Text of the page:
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Breakfast, a healthy way to lose weight: study

Posted:  Monday, October 27, 2014

Breakfast is very often a casualty in the hustle and bustle of modern day living. The importance of eating breakfast for the prevention of obesity and overweight has been highlighted by a recent study. This study has shown that consumption of breakfast among late teen girls is associated with an increase in the level of dopamine in the brain’s reward centre. This increase may help reduce sweet food cravings and overeating during the rest of the day.

According to the study published in the Nutrition Journal, the brain chemical dopamine is involved in controlling impulses and an increase in dopamine levels is associated with reduced food cravings and overeating. In obese individuals, however, the dopamine effect is blunted, and hence these individuals require larger amounts of food to elicit a feeling of reward. Skipping breakfast seems to produce a similar effect.

In this randomized crossover study, researchers employed 20 overweight girls aged between 18 and 20 who normally skipped breakfast. Each of them underwent three types of 7-day eating patterns:

•   First pattern - A 350 calorie breakfast with normal amounts of protein

•   Second pattern - A 350 calorie breakfast with high protein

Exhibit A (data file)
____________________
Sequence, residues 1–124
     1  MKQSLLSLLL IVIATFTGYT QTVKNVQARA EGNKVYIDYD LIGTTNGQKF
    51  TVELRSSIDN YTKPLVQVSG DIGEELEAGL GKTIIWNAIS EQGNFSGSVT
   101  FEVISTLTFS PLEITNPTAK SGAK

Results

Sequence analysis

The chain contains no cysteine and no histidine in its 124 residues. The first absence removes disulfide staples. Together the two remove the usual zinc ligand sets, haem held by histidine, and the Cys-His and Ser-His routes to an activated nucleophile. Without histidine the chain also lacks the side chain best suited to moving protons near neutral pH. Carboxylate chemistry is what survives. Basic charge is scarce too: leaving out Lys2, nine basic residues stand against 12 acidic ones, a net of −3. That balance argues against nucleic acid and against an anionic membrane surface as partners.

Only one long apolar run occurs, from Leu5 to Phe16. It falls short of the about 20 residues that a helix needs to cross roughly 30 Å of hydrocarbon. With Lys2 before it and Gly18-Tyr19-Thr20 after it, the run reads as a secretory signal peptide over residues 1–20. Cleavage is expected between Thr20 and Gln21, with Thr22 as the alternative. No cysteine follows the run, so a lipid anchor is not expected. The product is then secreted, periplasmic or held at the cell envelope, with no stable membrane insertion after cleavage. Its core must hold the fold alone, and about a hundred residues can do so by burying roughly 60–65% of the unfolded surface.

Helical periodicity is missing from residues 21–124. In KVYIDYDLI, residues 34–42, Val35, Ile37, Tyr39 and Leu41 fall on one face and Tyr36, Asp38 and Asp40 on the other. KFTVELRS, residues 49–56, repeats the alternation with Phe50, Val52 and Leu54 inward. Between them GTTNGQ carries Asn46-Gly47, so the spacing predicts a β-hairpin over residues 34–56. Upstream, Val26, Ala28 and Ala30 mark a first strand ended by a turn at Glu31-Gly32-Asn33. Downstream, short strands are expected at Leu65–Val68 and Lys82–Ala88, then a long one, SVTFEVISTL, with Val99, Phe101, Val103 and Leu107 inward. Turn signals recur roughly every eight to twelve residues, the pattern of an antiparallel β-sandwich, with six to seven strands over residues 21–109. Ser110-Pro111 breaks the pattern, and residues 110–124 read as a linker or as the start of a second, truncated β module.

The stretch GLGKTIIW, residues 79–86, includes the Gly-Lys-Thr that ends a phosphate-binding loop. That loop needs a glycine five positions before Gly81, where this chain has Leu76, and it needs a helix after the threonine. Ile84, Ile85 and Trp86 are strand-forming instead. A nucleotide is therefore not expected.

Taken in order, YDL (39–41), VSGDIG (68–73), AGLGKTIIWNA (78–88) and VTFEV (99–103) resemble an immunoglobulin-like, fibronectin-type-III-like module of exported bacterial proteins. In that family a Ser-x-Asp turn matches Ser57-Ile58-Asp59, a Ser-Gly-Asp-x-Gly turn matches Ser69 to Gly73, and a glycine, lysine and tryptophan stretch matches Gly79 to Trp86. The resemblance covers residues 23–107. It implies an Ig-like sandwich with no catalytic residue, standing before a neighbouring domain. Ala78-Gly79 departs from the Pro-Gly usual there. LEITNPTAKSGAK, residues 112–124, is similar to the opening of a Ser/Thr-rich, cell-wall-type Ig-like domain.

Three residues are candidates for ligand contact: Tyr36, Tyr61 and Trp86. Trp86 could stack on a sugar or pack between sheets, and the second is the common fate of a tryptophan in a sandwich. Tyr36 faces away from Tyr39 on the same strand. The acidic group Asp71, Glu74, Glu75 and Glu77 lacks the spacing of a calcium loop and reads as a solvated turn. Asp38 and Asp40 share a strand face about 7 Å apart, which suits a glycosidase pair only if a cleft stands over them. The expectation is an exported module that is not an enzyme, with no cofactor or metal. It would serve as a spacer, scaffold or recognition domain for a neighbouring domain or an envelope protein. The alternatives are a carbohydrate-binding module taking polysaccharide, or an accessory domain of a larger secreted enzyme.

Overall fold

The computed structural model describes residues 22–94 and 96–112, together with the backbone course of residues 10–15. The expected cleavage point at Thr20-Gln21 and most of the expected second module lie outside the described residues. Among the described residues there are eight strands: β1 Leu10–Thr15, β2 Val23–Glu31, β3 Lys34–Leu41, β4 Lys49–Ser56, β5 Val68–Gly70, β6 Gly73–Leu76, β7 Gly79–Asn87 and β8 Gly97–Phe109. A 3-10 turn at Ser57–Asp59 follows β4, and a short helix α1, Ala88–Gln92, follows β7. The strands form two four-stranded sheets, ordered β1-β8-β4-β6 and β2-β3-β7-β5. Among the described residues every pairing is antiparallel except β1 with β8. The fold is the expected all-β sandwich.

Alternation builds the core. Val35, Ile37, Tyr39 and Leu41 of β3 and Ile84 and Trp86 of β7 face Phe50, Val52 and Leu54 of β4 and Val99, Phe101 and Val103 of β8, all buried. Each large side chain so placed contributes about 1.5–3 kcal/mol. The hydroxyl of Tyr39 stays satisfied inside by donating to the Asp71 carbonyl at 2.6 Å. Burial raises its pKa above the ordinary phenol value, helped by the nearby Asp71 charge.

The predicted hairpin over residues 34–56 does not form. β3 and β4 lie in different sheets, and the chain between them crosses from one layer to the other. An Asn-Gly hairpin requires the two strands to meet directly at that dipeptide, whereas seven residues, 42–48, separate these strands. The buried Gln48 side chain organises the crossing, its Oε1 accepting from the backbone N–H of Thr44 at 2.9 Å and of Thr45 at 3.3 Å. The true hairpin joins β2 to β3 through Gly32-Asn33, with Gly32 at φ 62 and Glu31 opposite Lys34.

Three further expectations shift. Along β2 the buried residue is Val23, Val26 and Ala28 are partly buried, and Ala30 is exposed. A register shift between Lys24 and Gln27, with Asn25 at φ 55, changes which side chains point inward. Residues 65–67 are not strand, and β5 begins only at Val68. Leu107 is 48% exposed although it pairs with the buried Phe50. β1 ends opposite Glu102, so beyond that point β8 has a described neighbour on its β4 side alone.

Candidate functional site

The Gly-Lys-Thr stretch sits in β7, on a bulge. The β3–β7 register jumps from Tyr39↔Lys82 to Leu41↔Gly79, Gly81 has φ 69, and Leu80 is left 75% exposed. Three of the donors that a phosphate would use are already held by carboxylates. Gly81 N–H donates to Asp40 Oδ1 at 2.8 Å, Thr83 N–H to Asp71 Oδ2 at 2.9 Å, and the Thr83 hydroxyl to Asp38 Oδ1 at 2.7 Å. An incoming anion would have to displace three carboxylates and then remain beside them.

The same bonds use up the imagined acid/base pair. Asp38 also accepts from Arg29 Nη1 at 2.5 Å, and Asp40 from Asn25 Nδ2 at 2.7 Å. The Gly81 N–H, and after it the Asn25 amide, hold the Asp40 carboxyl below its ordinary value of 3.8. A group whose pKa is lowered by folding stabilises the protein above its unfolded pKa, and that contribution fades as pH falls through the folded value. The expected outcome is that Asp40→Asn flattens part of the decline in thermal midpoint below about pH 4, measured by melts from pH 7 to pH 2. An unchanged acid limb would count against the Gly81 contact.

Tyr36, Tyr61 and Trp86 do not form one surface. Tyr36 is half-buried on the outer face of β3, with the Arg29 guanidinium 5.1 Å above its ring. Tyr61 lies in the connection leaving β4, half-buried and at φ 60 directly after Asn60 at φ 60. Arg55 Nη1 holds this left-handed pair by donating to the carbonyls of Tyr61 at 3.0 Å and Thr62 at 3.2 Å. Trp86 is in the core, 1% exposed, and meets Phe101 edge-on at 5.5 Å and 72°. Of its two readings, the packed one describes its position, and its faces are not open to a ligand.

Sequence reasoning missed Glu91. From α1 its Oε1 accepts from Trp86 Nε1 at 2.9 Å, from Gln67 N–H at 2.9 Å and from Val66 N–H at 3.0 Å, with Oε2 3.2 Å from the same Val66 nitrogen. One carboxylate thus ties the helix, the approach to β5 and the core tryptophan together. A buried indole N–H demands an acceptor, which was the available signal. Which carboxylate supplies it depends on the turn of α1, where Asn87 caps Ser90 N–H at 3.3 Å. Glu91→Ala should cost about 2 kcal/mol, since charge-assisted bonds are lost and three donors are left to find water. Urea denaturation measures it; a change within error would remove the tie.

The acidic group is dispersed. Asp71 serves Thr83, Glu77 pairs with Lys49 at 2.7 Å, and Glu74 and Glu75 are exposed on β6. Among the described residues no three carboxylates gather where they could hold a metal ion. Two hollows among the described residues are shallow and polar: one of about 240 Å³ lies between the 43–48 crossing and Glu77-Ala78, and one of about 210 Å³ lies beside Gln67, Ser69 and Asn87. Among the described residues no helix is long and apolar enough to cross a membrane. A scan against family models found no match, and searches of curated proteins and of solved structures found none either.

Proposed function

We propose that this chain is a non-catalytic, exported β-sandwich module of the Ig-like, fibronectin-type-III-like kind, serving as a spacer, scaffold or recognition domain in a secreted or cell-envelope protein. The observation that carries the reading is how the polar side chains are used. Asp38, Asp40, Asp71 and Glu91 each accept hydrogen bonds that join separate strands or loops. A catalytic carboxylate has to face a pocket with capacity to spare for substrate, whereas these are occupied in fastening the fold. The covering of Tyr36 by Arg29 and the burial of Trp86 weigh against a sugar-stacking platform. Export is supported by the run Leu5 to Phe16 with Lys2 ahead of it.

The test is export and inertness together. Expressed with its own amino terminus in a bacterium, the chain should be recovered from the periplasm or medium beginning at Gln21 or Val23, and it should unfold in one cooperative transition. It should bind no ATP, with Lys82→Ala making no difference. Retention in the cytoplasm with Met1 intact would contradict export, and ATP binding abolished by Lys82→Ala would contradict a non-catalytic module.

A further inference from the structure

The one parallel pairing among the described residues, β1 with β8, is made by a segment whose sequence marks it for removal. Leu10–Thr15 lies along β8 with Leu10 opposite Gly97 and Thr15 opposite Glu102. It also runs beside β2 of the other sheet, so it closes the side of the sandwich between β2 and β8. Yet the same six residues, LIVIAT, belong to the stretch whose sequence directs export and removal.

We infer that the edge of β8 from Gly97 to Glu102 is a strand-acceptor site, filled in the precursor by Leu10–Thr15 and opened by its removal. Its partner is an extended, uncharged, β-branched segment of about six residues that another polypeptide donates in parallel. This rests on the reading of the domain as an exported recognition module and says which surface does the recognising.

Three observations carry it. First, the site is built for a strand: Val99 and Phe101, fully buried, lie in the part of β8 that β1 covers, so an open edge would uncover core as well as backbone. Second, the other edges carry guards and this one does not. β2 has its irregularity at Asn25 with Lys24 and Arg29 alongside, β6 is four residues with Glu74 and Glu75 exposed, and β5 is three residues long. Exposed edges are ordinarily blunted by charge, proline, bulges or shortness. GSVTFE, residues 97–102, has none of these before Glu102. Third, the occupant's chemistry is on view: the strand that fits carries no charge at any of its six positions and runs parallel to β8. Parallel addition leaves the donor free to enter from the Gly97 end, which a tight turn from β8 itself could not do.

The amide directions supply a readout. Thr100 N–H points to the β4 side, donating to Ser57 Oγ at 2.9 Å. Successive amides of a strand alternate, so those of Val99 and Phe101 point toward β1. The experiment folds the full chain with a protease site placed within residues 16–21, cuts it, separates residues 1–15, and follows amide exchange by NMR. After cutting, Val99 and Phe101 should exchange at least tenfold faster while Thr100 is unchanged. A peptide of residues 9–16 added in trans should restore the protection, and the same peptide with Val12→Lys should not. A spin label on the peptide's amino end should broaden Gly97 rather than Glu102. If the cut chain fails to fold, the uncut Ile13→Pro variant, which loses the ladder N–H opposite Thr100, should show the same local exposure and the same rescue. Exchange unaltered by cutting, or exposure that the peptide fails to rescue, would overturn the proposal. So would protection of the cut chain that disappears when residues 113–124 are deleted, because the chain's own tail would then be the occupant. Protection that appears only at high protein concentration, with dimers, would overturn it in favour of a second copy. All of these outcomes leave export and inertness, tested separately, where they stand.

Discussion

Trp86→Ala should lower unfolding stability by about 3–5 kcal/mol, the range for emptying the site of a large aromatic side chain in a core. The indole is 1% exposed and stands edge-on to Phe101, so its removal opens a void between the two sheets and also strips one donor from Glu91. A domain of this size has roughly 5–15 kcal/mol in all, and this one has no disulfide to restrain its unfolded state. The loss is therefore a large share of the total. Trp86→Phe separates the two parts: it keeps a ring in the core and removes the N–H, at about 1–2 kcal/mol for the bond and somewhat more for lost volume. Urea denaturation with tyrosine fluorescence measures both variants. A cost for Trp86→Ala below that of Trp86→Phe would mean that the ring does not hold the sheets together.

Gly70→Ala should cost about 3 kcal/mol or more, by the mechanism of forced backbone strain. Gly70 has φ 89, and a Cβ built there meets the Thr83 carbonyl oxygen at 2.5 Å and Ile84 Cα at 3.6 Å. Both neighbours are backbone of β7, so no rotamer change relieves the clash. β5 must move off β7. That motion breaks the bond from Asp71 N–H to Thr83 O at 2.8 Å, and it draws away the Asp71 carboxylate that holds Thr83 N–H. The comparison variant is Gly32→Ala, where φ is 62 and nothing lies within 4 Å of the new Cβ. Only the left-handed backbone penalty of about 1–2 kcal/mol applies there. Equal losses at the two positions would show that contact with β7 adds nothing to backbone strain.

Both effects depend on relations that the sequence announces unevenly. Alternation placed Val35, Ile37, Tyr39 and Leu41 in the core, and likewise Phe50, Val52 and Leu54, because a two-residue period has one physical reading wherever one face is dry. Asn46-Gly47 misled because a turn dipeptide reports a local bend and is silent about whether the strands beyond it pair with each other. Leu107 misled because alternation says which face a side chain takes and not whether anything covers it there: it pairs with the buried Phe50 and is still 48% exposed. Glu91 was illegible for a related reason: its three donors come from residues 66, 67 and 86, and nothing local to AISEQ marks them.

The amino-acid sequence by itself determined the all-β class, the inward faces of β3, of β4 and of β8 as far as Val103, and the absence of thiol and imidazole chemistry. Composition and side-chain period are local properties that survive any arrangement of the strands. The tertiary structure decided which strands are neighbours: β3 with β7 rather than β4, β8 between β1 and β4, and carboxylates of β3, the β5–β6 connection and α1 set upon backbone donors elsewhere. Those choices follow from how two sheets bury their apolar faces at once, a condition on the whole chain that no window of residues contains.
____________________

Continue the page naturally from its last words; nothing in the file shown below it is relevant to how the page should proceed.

•   Third pattern - They skipped breakfast

After completion of a 7- day pattern, the girls had a 7-day "wash out period" before starting the next 7-day pattern. On the morning of the 7th day of each of the three patterns, the girls underwent assessments, which included filling out food craving questionnaires. The researchers also checked blood samples for the dopamine metabolite homovanillic acid to assess fluctuations in the dopamine levels.

They found that both the first and second patterns of breakfast were associated with reduced cravings for sweet and savoury foods and higher levels of the dopamine metabolite. However, in comparison to the normal-protein breakfast, the high-protein breakfast was associated with greater reductions in cravings for savoury food and sustained levels of the dopamine metabolite up until lunch. Although this study was done in late-teen girls, the researchers believe the results can be applied to all adults as well.

“People experience a dramatic decline in cravings for sweet foods when they eat breakfast. Breakfasts that are high in protein also reduced cravings for savoury - or high-fat - foods. On the other hand, if breakfast is skipped, these cravings continue to rise throughout the day," said the researchers. They explained these findings saying that the release of dopamine stimulates feelings of reward which in turn helps regulate food intake.

The rates of skipping breakfast and teenage obesity have risen alarmingly in recent decades. Understanding how dopamine levels in the brain affect food cravings could help scientists develop better ways to prevent and treat obesity in the future.

For study details:-Click Here!